By Joe Anuta
The Al Oerter Recreation Center in Flushing looked like a martial arts movie scene Sunday, when hundreds of people cheered on children as young as 4 chopping and kicking their way through a tournament sponsored by the city Parks Department.
Richmond Hill resident Devin Sanchez, 8, hopped in a circle around the wooden floor of the gym, fists raised in front of his sweating face. His brow was furrowed and lips puckered outward around his mouth guard. Cheered on by family, he first kicked his padded foot into the air, probably a diversion, before lunging in to punch his opponent.
“A tournament like this is great for the kids and the community,” said Susan Friedman, of Parks. “Martial arts is good for the mind, body and spirit.”
Friedman’s husband, Rick Diaz, is the recreation director for the Al Oerter center and a 10th-degree black belt. Diaz has hosted the free tournament for five years, and it always draws a crowd.
About 500 boys and girls from 4 to 17 years old competed in six age groups and two categories — sparring with an opponent and executing formal, choreographed moves in front of judges. The gym was packed with spectators from all over the tri-state area. They either watched from the rails of an elevated running track above the action or thronged the gym floor, forming human rings around the matches.
Juan Jimenez runs a Jamaica school called Born to Win Martial Arts, and was refereeing some of the fights.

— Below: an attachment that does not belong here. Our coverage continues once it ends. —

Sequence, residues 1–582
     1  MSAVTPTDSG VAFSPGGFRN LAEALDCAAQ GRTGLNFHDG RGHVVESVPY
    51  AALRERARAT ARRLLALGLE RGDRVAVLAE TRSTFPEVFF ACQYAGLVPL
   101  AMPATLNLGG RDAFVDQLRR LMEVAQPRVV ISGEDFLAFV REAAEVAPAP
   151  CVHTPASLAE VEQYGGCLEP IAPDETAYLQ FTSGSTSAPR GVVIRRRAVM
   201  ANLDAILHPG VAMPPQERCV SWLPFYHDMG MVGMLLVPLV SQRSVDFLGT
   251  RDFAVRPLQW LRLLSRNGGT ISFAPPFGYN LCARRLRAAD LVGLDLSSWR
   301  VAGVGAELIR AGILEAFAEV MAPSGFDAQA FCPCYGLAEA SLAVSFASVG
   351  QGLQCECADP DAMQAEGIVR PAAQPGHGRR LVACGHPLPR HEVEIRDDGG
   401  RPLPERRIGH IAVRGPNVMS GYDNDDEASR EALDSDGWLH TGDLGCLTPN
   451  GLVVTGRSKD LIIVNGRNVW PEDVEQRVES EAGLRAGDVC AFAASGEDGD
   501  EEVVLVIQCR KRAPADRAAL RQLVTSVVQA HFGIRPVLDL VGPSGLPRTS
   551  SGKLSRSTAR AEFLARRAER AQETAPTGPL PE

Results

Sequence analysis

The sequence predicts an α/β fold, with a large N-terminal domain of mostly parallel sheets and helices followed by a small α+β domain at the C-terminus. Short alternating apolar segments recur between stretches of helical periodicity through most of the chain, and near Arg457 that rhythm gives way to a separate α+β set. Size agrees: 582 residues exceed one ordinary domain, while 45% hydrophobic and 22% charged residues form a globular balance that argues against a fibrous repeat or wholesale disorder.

He says both young and old can benefit from learning traditional martial arts — even 4-year-olds.
“It’s about a way of life,” he said, echoing several coaches about the merits of martial arts like discipline and focus. “If you’re not becoming a better person, then the philosophy is not living within you.”
Jimenez not only teaches the mechanics of a Japanese-style karate at his school, he also inspects his students’ report cards and requires them to write essays before advancing toward the rank of black belt. Schools in the Jamaica area send him troubled students to learn self-control through karate and meditation, he said.
Other schools that treat martial arts as a sport tout four-year black belt programs, but Jimenez said he does not promote anyone to black belt until they show they have improved their character as well as their form. One of his students has been studying for eight years without attaining the sought-after distinction.
“I’ve lost students because of it,” he said. “But the ones who have stayed are truly great. They understand what it means.”
Jimenez dashed off to award some of his students trophies as the matches wore on.
Katherine Quito, 14, is a student at MS 217 and said she enjoys studying Korean Tae Kwon Do for the thrill.
“I love it!” she said, removing her padded headgear after a match. “You can feel how exciting it is.”
Two of New York City’s most famous martial artists, Jadi Tention and Ross Levine, were on hand to encourage the children and speak about the ancillary benefits of learning self-defense. They are both karate world champions.
“You’re not teaching them violence,” Tention said. “You’re teaching them a life skill.”
Reach reporter Joe Anuta by e-mail at email@example.com or by phone at 718-260-4566.